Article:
Internationally, progress has been made to guide pessary practice29. The UK pessary guidelines have created training standards for pessary practitioners29,39. A 2022 South Australian Delphi study details the development of a multinational, multidisciplinary competency framework developed for physiotherapy training in pessary management45.

To further advance pessary care and training, an understanding of pessary regulation with the TGA would be helpful to those considering pessary training. This will help to inform the way pessary practitioners may adequately counsel women to make an informed choice on pessary management.

Guidelines for clinical practice

The UK clinical guidelines for use of vaginal pessaries for POP is a best practice document. It provides an expert opinion on the timeline for review and pessary changes29. The document states that good practice for pessary follow-up is 4–6 weeks after initial fitting then six-monthly or longer if the pessary is self-managed successfully29. This expert opinion document is widely accepted in practice. As discussed previously, there is paucity of evidence to guide optimal timing of pessary review, with other studies reporting on outcomes from review times ranging from six weeks to 24 months34–36.

It is widely accepted in practice that there are limited risks related to pessary use. Yet regulation is lacking to support contemporary practice and timing of pessary review. Whilst risk to the patient remains minimal, the clinician needs to have clear documentation that risks have been discussed and understood, and that the patient accepts to use the pessary off -label if follow-up time will vary from TGA regulations. When delivering care, the TGA classification of pessary devices should be considered with the patient. The practitioner should document patient education and consent, the pessary type and size, pessary replacement, exchange or placement of a new device44.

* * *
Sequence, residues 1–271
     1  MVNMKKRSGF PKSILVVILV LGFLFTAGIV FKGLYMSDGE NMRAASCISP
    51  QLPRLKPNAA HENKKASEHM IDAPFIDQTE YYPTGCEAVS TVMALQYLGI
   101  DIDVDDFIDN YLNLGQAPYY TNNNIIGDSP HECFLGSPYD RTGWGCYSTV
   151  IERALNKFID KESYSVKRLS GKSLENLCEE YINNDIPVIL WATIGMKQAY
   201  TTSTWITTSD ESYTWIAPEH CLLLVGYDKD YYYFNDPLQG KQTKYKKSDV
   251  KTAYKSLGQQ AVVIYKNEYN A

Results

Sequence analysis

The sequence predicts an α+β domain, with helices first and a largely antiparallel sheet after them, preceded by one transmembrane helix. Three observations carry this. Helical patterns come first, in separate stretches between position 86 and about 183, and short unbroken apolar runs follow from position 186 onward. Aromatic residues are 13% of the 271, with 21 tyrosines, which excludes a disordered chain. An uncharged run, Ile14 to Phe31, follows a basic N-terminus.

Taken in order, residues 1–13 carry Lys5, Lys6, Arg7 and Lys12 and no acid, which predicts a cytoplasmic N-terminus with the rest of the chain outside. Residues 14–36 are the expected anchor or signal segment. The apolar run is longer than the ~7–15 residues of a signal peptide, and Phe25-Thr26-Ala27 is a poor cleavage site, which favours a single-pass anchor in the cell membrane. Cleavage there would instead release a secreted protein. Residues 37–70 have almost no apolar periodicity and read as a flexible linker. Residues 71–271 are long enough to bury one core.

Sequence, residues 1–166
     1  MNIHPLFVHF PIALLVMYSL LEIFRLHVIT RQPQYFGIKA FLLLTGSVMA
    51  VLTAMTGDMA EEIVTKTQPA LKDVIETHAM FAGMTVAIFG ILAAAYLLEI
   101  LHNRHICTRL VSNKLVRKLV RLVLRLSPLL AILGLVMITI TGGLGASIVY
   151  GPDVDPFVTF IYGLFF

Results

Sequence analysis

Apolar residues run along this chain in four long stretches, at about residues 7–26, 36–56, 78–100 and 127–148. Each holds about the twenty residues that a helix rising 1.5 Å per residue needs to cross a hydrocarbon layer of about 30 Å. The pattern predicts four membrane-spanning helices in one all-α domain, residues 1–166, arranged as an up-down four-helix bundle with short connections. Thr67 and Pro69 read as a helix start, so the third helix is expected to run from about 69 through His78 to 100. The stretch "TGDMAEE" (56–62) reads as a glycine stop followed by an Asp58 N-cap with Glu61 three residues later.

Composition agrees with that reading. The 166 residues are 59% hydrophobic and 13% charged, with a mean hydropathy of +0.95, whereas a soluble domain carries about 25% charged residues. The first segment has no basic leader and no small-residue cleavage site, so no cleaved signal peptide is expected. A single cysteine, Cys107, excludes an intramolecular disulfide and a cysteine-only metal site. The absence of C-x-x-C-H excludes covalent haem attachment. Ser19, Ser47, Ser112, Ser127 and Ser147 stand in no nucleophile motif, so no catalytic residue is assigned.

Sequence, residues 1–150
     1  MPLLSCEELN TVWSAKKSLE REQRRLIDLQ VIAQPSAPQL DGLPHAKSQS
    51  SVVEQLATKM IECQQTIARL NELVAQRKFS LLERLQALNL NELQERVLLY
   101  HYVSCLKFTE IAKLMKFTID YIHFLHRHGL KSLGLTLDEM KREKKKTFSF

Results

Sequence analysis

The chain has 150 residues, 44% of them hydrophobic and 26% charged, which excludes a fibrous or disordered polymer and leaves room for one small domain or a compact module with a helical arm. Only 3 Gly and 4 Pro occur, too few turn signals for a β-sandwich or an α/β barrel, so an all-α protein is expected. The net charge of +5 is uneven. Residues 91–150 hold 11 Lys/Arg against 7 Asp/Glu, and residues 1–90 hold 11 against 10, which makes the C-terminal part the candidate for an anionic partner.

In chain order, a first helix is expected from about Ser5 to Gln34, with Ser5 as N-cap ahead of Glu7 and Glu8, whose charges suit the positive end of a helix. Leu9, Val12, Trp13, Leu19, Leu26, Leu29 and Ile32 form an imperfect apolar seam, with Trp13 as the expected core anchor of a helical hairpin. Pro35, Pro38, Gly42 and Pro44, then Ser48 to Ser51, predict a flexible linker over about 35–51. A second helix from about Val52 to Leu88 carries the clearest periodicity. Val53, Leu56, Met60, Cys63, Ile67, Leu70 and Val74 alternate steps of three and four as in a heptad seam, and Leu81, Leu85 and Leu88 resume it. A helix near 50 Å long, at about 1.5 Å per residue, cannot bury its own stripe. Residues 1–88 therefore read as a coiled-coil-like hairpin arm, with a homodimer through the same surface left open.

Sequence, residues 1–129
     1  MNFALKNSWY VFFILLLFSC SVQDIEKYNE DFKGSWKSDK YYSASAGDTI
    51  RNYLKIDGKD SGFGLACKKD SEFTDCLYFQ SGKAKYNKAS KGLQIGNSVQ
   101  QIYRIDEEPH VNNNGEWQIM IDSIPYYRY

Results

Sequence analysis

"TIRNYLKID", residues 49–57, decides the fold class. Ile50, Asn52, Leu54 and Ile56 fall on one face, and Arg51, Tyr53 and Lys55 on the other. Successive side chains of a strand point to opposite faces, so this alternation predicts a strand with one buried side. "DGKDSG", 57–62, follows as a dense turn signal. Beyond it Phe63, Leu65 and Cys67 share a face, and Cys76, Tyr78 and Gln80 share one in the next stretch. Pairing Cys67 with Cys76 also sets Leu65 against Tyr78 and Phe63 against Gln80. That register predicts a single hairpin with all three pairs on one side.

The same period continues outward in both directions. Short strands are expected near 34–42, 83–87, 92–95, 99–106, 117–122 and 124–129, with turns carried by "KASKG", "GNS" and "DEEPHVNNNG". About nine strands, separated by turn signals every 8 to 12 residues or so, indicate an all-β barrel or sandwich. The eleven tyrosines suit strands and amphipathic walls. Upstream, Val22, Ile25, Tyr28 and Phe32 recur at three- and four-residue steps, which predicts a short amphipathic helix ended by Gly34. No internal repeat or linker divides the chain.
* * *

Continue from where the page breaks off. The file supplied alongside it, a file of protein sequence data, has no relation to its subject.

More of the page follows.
When a patient presents with a symptomatic POP, a detailed assessment and patient-centred discussion must take place prior to arriving at a decision on management. A thorough history should be taken, followed by physical examination. Examination includes assessment and clear documentation of the degree of prolapse of the anterior, posterior and central compartments of the pelvic floor using the POP-Q (Pelvic Organ Prolapse Quantification) system13. A careful pelvic exam should contain a bimanual examination to determine if coexisting pelvic pathology is present. Assessment of the pelvic floor muscles and vagina for atrophy or epithelial ulceration should also be performed and cervical screening test collected if indicated13. Sphincter tone and presence of rectal prolapse in those with bowel symptoms can be evaluated13. A validated pelvic floor symptom questionnaire may be considered to aid assessment and decision making. If obstructed defaecation, faecal incontinence or urinary symptoms are identified on assessment, then further investigations should be considered13,48.

When discussing treatment, conservative management options include observation, lifestyle intervention, PFMT, topical oestrogen and pessary13,45. Some patients may choose to have a pessary if they have not yet completed their family, they have a high risk of recurrence, surgical timing doesn’t suit their lifestyle, they want to avoid surgical risks, or they are not fit for surgery1. When conservative management is selected, this does not preclude the individual from reconstructive or obliterative surgery in the future37,48.